Abstract

We pose and resolve several vexing decision theoretic puzzles. Some are variants of existing puzzles, such as ‘Trumped’ (Arntzenius and McCarthy 1997), ‘Rouble trouble’ (Arntzenius and Barrett 1999), ‘The airtight Dutch book’ (McGee 1999), and ‘The two envelopes puzzle’ (Broome 1999). Others are new.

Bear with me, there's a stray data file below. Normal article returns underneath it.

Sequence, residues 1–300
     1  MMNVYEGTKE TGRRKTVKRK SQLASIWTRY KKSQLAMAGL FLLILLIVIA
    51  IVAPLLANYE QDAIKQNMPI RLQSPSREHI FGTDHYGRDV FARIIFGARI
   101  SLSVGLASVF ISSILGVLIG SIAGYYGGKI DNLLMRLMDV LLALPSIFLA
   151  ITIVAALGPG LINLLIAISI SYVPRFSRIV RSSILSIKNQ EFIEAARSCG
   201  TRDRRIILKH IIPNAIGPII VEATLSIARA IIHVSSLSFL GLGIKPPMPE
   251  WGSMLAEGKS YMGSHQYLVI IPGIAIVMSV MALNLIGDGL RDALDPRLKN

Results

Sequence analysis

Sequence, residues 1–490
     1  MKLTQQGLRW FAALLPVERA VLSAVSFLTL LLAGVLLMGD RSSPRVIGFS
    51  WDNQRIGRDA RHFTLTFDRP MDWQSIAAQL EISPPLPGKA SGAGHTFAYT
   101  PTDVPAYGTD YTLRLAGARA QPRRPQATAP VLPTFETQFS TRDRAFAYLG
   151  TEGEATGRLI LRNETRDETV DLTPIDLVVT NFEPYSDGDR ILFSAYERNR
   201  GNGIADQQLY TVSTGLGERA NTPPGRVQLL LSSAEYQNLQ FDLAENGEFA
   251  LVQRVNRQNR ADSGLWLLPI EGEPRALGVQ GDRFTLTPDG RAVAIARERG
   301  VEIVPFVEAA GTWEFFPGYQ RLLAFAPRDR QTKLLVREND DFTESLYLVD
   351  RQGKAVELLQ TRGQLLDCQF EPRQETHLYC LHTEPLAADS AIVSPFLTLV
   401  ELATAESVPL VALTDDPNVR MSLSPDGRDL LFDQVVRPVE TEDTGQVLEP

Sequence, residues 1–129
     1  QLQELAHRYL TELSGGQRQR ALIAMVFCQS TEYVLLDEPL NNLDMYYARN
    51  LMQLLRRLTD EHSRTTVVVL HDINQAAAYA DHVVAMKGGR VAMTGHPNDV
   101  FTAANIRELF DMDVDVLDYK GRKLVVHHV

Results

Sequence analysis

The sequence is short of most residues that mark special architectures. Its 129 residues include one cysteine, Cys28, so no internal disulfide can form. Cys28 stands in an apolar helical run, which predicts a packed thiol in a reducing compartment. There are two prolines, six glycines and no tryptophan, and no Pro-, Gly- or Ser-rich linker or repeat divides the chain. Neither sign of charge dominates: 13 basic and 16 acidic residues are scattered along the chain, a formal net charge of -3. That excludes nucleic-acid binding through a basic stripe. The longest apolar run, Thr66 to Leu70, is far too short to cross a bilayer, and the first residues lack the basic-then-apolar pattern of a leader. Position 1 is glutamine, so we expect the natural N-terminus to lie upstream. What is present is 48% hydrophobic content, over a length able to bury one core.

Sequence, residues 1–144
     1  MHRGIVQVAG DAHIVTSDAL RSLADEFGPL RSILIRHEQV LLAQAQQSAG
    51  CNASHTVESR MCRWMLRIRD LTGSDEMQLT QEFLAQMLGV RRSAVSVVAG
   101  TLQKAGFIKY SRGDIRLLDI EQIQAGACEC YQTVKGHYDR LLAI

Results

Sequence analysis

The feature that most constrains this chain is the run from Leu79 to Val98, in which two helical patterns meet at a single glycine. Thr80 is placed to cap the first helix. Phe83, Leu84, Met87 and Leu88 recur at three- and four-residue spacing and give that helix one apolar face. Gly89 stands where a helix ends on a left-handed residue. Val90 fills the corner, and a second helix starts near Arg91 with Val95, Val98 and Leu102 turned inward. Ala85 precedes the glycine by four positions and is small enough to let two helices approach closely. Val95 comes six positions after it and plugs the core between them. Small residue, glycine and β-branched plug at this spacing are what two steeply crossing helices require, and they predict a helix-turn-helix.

A unified resolution of the puzzles shows that Dutch book arguments have no force in infinite cases. It thereby provides evidence that reasonable utility functions may be unbounded and that reasonable credence functions need not be countably additive. The resolution also shows that when infinitely many decisions are involved, the difference between making the decisions simultaneously and making them sequentially can be the difference between riches and ruin. Finally, the resolution reveals a new way in which the ability to make binding commitments can save perfectly rational agents from sure losses.

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